Young adults, mortality, and employment

Evelyn P. Davila, Sharon L. Christ, Alberto J. Caban-Martinez, David J. Lee, Kristopher L. Arheart, William G. Leblanc, Kathryn E. McCollister, Tainya Clarke, Frederick Zimmerman, Elizabeth Goodman, Carles Muntaner, Lora E. Fleming

Research output: Contribution to journalArticlepeer-review

11 Citations (Scopus)


Objective: This study assessed the relationship between employment status and mortality over a 2-year period among a nationally representative sample of young adults aged 18 to 24 years (n = 121,478, representing more than 21 million US young adults). Methods: By using data from the 1986-2000 National Health Interview Survey and its public-use mortality follow-up through 2002, mortality after 2-year follow-up (for each individual) was regressed on employment status at baseline, controlling for gender, race, education, season, and survey design. Results: Having been employed was associated with significantly lower risks of all-cause, homicide, and "other-cause" mortality (adjusted odds ratios range: 0.51 to 0.60). Conclusion: Working appears to be a factor that may prevent premature mortality among young adults; increasing unemployment may result in increased mortality risks among young adults in the future. Copyright 2010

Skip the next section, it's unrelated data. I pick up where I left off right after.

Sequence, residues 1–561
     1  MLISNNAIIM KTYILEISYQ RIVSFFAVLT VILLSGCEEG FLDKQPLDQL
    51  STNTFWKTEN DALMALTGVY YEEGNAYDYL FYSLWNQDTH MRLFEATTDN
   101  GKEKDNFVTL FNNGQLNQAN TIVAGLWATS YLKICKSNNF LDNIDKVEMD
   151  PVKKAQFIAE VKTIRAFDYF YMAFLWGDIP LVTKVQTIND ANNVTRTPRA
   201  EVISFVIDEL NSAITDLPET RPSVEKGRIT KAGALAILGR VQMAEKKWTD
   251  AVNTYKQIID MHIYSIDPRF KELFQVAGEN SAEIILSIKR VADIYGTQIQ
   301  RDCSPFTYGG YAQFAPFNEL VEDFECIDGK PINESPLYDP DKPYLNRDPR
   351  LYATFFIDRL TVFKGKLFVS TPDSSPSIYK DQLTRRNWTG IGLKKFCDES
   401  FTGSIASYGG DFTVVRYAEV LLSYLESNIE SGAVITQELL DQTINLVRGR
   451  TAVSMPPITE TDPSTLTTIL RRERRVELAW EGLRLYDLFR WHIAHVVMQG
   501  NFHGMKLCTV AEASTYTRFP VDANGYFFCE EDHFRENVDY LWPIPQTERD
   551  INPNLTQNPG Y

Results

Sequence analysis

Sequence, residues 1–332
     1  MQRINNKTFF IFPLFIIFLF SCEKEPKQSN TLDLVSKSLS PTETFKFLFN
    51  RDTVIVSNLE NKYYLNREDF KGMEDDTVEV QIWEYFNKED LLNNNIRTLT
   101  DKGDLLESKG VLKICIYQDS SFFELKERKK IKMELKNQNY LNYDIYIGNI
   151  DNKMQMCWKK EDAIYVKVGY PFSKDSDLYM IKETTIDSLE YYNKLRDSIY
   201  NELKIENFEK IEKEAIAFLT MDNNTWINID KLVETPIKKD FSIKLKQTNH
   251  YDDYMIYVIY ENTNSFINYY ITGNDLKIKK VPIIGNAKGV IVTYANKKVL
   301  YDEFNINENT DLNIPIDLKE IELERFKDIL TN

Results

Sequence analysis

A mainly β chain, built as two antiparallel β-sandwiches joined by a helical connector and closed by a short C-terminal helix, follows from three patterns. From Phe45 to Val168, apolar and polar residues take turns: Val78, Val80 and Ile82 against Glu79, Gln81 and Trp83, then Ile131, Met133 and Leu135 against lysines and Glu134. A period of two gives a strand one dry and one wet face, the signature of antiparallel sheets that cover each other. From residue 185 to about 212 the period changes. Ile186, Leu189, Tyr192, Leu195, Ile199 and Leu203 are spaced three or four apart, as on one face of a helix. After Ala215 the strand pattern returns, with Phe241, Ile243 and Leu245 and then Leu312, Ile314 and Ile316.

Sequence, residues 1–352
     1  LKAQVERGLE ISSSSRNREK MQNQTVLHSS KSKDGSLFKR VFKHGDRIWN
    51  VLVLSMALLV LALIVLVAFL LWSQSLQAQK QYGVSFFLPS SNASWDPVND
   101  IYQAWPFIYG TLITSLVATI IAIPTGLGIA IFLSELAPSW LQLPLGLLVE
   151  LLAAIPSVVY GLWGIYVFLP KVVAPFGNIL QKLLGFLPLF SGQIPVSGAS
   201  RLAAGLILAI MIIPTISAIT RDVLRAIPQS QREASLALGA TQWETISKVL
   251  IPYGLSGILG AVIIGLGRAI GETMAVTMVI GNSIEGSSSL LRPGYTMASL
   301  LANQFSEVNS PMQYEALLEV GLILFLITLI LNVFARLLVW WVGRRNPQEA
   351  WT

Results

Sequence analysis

Original languageEnglish
Pages (from-to)501-504
Number of pages4
JournalJournal of Occupational and Environmental Medicine
Issue number5
Publication statusPublished - 2010 May

ASJC Scopus subject areas

  • Public Health, Environmental and Occupational Health


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